August 11, 2017
Getting approved for Social Security disability benefits can help people with disabilities feel a sense of security again, knowing that they can depend on receiving monthly payments.
However, disability recipients may lose that sense of security when they start wondering about whether or not their payments will be tax deductible. Have they gone through the trouble of getting approved just to see their benefits diminished by government taxes?
The good news is that most disability benefit recipients don’t have to pay federal or state taxes on their benefits. However, as per usual with Social Security, there are always some exceptions.
Every case is different. We highly encourage disability benefit recipients to consult with tax professionals or use reputable tax preparation software to determine how their benefits may or may not be taxed.
Keep in mind that even if your benefits are not eligible for taxation, you are still required to file your tax return.
Federal Taxes for Single DIB Recipients
Virtually no one receiving supplemental security income (SSI) has to pay federal taxes on their benefits. However, that’s not the case for people who receive disability insurance benefits (DIB), also known as Social Security disability insurance (SSDI).
About one-third of all DIB recipients have to pay some form of federal income tax on their DIB payments. Your benefits are typically only taxed if you or your spouse has an additional form of income besides DIB.
If you file your taxes as an individual, you have to make more than $25,000 in annual income in order for your benefits to be subject to taxes. Your annual income includes 50 percent of your DIB payments and any wages you earn, as well as the usual resources that the government counts as taxable income (interest on savings accounts, taxable pension payments, dividends on investments, passive income such as rent, etc.).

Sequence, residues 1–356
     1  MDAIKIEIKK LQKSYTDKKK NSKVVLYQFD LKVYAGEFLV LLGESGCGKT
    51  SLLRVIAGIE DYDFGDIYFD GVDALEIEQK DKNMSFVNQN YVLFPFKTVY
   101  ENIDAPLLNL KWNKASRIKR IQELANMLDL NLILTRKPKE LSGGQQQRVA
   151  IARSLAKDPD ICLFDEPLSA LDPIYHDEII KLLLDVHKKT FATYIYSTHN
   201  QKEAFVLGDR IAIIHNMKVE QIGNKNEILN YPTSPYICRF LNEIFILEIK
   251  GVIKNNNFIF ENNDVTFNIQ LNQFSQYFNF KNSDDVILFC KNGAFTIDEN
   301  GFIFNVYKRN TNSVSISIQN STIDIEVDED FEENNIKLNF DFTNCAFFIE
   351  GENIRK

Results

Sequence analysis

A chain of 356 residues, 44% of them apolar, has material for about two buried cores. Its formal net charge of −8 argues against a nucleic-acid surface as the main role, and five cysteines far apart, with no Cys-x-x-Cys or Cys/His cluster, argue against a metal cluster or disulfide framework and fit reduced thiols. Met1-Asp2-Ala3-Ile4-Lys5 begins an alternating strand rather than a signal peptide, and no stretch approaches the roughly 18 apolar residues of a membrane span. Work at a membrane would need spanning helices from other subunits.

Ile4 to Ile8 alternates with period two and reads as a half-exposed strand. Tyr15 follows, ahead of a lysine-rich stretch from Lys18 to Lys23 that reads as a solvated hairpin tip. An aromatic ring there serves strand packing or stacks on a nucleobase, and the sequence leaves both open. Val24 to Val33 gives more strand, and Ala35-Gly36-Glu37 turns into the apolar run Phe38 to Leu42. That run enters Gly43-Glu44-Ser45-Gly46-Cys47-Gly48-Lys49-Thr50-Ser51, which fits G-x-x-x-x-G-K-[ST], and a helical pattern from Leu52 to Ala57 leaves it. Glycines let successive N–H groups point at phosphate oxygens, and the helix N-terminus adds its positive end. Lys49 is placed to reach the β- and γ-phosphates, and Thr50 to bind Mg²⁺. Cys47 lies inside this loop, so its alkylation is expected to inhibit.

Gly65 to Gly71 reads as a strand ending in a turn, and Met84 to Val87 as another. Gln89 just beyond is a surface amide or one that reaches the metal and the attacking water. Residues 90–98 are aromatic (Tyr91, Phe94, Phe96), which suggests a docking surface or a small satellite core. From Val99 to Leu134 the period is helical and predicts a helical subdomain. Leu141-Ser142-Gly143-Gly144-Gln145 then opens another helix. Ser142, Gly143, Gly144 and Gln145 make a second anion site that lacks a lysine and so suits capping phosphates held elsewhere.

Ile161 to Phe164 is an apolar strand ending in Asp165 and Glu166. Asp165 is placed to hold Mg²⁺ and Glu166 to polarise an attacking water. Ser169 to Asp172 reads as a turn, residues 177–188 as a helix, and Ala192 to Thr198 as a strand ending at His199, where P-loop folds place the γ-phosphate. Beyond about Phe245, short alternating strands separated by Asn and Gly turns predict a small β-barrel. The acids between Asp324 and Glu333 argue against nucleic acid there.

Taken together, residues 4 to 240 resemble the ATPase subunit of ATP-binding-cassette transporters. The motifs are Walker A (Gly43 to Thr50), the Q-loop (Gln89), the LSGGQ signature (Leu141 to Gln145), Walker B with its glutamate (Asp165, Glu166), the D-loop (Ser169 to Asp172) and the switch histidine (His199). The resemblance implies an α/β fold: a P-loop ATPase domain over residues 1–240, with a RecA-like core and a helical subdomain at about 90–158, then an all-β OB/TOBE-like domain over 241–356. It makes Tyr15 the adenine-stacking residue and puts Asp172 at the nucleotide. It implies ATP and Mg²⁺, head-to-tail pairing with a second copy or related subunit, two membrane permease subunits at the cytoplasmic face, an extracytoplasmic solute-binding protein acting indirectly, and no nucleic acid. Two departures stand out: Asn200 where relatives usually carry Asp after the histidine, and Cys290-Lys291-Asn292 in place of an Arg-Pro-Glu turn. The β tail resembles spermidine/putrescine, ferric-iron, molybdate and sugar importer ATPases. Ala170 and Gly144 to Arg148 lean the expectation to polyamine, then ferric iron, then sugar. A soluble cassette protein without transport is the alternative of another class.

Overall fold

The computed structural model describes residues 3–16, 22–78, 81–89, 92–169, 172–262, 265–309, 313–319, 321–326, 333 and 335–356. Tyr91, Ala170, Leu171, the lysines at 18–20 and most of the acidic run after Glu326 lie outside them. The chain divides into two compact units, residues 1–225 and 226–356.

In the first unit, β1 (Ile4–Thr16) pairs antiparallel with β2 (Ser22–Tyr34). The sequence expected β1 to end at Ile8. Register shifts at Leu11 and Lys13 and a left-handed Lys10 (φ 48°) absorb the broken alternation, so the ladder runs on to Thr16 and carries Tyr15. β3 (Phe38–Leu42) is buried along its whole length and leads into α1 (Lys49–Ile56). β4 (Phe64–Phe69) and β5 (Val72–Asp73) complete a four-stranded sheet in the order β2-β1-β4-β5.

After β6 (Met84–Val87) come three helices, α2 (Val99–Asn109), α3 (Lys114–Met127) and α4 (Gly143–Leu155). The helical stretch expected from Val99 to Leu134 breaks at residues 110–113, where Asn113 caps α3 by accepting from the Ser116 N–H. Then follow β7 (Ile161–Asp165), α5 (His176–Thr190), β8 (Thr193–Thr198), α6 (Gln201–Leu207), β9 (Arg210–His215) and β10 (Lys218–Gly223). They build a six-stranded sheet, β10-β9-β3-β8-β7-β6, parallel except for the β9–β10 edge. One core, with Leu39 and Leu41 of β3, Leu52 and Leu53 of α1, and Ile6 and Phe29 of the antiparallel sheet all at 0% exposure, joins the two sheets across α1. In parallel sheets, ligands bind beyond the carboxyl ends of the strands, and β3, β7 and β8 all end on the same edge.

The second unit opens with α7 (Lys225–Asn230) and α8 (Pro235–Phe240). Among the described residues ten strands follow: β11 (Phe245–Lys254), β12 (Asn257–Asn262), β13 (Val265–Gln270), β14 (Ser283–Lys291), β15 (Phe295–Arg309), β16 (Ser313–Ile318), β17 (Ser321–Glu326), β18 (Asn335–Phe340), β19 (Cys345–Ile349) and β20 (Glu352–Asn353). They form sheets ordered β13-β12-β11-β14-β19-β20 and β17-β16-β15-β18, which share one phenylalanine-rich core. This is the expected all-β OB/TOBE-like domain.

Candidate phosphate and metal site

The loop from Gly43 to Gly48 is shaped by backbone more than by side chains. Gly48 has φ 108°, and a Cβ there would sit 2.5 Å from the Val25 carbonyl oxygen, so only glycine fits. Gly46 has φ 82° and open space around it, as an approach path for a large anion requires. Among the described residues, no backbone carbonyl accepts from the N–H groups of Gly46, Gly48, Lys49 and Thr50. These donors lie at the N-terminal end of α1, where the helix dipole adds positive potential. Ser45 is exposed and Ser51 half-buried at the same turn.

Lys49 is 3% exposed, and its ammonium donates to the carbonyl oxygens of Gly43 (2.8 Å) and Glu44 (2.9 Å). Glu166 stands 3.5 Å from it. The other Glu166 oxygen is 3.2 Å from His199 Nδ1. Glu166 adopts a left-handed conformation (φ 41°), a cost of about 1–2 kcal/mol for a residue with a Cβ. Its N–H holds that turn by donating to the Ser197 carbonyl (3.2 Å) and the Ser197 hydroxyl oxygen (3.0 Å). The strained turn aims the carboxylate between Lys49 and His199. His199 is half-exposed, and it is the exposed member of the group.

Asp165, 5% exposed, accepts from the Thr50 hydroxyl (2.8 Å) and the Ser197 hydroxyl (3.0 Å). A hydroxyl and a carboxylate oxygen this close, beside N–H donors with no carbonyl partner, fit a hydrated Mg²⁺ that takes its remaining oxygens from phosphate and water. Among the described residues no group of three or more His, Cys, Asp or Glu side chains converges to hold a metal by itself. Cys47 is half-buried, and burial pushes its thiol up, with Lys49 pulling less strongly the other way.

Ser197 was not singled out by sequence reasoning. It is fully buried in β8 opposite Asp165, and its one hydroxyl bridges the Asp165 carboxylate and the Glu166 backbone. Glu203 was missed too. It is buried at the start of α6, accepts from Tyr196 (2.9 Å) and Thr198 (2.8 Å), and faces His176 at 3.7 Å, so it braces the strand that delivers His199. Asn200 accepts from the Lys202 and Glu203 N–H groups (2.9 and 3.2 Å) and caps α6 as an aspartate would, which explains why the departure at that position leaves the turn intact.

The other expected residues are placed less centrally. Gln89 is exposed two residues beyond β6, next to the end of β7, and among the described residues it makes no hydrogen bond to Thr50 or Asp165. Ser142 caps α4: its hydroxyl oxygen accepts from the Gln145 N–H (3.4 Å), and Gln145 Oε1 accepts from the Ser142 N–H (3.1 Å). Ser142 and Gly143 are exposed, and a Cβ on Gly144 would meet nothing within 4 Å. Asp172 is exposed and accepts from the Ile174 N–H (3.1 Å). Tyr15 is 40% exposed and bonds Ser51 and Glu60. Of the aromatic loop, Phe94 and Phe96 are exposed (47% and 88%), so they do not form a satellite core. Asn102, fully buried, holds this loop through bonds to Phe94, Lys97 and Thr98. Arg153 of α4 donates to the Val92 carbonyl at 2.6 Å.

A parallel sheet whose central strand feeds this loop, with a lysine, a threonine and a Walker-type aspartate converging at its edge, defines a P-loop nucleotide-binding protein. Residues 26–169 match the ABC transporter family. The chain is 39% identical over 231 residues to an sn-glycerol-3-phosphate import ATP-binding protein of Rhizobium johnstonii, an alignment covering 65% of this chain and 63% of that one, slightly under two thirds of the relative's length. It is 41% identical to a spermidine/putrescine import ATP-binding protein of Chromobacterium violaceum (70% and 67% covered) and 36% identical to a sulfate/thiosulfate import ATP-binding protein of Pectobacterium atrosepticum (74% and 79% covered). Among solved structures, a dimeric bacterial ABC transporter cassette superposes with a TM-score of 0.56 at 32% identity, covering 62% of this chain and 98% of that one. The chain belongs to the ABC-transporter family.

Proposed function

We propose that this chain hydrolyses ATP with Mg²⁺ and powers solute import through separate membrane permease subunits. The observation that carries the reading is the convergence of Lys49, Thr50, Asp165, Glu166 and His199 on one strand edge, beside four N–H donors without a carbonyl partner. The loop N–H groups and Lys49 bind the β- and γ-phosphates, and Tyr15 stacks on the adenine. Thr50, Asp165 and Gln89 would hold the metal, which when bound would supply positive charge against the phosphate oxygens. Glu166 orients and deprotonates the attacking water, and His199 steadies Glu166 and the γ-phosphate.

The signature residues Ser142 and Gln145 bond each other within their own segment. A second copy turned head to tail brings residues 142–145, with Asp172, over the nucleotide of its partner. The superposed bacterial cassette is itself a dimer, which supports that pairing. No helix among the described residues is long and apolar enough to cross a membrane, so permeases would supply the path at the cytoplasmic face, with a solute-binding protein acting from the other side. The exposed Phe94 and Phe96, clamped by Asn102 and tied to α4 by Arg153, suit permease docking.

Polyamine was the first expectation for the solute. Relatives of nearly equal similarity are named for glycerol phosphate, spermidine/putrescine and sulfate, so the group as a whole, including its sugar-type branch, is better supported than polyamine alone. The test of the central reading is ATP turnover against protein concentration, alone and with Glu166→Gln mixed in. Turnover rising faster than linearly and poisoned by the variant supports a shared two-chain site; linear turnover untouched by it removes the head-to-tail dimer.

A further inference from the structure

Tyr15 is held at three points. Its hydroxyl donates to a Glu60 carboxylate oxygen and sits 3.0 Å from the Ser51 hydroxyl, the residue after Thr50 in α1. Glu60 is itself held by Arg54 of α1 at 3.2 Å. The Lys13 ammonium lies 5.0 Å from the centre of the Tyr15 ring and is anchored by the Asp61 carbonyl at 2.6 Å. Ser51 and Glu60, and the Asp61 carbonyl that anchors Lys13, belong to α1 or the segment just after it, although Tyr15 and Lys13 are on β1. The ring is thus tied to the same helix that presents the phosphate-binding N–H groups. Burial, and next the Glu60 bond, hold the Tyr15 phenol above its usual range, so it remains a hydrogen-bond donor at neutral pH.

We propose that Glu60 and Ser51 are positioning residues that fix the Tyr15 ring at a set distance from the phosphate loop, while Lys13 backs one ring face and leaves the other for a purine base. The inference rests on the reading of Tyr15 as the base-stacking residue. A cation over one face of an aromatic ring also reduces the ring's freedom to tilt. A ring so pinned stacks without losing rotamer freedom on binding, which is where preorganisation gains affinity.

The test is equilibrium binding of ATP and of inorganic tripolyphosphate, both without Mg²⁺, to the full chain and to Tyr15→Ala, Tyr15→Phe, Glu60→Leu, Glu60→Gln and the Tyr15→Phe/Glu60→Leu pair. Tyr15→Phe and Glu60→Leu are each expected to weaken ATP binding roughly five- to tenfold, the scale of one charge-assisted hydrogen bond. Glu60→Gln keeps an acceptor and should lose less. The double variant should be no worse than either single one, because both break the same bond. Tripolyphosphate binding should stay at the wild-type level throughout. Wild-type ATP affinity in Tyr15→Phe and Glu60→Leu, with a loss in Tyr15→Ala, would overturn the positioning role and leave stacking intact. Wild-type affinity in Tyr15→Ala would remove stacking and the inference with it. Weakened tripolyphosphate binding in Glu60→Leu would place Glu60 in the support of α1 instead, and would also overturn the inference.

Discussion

If you make more than $34,000 as a single individual, you may be subject to higher taxes on your DIB payments. This includes both a greater portion of your benefits being taxed as well as possibly paying a higher percentage of tax. For example, instead of paying 10 percent in tax on 50 percent of your disability benefits, you may pay 15 percent in tax on 60 percent of your disability benefits.
Federal Taxes for Married DIB Recipients
If you file jointly with a spouse, your combined income, including half of the DIB you receive, must be more than $32,000 in order for your benefits to be taxed. Your annual income is defined exactly the same as what it would be if you were filing as an individual, except you must also include your spouse’s wages and other forms of income as well, even if he or she doesn’t receive DIB payments.
If you and your spouse make more than $44,000 in annual income, you may be subject to higher taxes on your DIB payments in the same way you would if you made more than $34,000 as a single person. That means possibly a higher percentage taxed on more than 50 percent of your benefits.
If you file separately from your spouse, your benefits will be taxable regardless of your income.
Federal Taxes on Past-Due Benefits (Back Pay)
Because it can take so long to get approved for Social Security disability benefits, the Social Security Administration (SSA) may send you a lump sum check for all of the months you had to wait to get approved in which you should have been receiving benefits. This is referred to as past-due benefits, also known as back pay.
Your back pay may be substantial, sometimes resulting in thousands of dollars in benefits all at once.
But is your back pay subject to taxation? Yes.
However, because your back pay might be made up of years’ worth of past-due benefits, you have the option of applying the benefits earned over previous years to previous tax returns. Instead of making you amend previous tax returns, the IRS allows you to portion out the benefits over previous years on your current tax return.
State Taxes for DIB Recipients
Some states impose income taxes; some do not. Some states with income taxes exempt Social Security disability benefits from taxation; some do not.
Indiana has state income tax, but it does not tax Social Security disability benefits, both DIB and SSI. However, the following states do impose some form of tax on people who receive Social Security disability benefits:
- New Mexico
- North Dakota
- Rhode Island
- West Virginia
However, even in these states, exceptions apply. You may still be exempt from state taxes for your Social Security disability benefits. Be sure to look up your state’s tax agency and/or contact a tax professional to understand what portion of your benefits might be subject to taxes in your state.
Help from an Indiana Disability Attorney
Before you can begin worrying about how taxes will affect your monthly payments or your back pay, you first have to get approved for Social Security disability benefits. An Indiana disability attorney can help. Call us today or contact us online for a free consultation. Be sure to download our free eBook, Eight Mistakes to Avoid When Filing for Social Security Disability Benefits, for more information.